Boothe's 4202 Blog

How the Internet and Technology is changing Editing

Some sportswriters are dropping the ball

with one comment

In the sometimes repetitive and cyclical world of sports journalism, finding new and entertaining nuances and conflicts within a specific team are as important to fans as it is writers.

Readers today want to hear about the emotional state of athletes in the same way they would an injury report. Because of this – by the time a post-game press conference rolls around – there are very few topics that are off topic or taboo by reporters.

Family situations can be brought up, like in NBA star Dwayne Wade’s case. The same goes for legal troubles. Even an individual student athlete’s performance in the class room can draw a question or two.

The personal knowledge of these athletes by reporters, however, can lead to presumptions being made in stories. These inaccuracies can make an article sound disconnected and even sensational. The entertainment value is still there, but the journalist’s piece will contain some tell-tale holes in its reasoning and plot.

One example is an NFL.com story which used aggregation from a CBSsports.com column.

Both discuss an alleged brewing controversy following a blowout win for the New Orleans Saints against the Atlanta Falcons. In the game, the Saints decided to throw late in their victory to also seal a record-setting passing season for their quarterback, Drew Brees.

The act was seen as unsportsmanlike by an anonymous source on the Falcons who said, “No need for that. It came on our watch, but it didn’t have to come that way. We won’t forget it.”

But story goes on to name other players who offer just as opinionated quotes. Using an unnamed source in this situation begs the question: Did the reporter just gauge the attitude of the Falcons’ locker room and attribute his opinion to an anonymous source?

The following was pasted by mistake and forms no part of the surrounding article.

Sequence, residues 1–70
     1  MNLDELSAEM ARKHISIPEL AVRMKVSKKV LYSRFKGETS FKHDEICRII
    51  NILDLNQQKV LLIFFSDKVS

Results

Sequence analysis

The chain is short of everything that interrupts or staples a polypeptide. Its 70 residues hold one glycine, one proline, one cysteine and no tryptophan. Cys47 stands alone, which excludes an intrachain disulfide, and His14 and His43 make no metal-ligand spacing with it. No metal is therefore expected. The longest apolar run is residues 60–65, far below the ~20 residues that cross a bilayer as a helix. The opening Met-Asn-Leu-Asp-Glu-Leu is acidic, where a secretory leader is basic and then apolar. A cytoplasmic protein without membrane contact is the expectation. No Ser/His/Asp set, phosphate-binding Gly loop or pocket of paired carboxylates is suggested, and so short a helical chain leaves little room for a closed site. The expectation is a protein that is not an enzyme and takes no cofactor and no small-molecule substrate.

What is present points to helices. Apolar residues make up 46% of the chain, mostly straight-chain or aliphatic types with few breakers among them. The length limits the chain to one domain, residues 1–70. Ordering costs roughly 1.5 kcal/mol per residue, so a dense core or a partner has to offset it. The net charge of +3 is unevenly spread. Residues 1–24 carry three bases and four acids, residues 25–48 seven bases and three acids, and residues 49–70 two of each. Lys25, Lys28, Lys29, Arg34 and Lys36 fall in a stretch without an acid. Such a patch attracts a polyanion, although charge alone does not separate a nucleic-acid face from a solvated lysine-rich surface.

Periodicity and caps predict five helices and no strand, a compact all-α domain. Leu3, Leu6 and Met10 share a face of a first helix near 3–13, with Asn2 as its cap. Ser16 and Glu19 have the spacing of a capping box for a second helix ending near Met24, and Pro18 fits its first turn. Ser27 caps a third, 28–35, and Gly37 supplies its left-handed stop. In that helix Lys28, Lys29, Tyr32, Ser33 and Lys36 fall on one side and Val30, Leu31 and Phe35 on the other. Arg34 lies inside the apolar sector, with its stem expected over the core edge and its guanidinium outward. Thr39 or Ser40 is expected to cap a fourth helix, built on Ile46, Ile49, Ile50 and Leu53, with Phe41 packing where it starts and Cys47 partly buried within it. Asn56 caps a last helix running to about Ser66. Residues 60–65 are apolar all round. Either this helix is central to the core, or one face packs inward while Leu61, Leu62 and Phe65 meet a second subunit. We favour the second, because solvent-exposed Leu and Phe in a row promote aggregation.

While the CBSsports columnist gets more wiggle room for this kind of thing, the NFL.com writer should have tried to do a little more of his own reporting to find out if the claims held water.

He writes for the NFL site, which does not state that it has an independent editorial department like MLB.com does. Therefore, it almost feels like he’s promoting a growing inter-divisional rivalry that might spring up again in another meeting. Be sure to watch this Sunday on TV!

MLB.com qualifies each of its articles with: “This story was not subject to the approval of Major League Baseball or its clubs.” The NFL site does not.

While the column is trying to reinforce a point, the aggregated NFL.com piece feels like a shameless promotion by someone who is, in a way, putting out the league’s viewpoint on the news.

 

 

 

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Written by jboothe

February 22, 2012 at 5:08 pm

Posted in Uncategorized

One Response

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  1. Don’t see your comment in the Google+ discussion. Might have helped you get closer to the point this case study is trying to make.
    Also, response to this is missing: Read this headline – does text support hed or is it misleading? http://nation.foxnews.com/president-obama/2011/06/23/ap-obama-has-big-problem-white-women

    Excuse given here: nation.foxnews.com/president-obama/2011/06/23/ap-obama-has-big-problem-white-women

    Ronald R. Rodgers

    February 22, 2012 at 6:29 pm


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